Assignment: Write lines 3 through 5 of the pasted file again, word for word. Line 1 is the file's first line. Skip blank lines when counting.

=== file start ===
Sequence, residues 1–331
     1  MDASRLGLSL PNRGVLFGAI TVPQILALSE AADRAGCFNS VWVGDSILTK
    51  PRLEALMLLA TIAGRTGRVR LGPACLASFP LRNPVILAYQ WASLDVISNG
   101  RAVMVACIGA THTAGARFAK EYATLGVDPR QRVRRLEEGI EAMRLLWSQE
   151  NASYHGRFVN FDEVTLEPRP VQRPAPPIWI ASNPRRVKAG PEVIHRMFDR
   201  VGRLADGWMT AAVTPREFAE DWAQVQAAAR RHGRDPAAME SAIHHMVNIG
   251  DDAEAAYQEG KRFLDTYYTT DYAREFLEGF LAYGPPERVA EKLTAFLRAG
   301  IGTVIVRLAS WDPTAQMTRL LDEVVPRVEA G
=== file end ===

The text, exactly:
    51  PRLEALMLLA TIAGRTGRVR LGPACLASFP LRNPVILAYQ WASLDVISNG
   101  RAVMVACIGA THTAGARFAK EYATLGVDPR QRVRRLEEGI EAMRLLWSQE
   151  NASYHGRFVN FDEVTLEPRP VQRPAPPIWI ASNPRRVKAG PEVIHRMFDR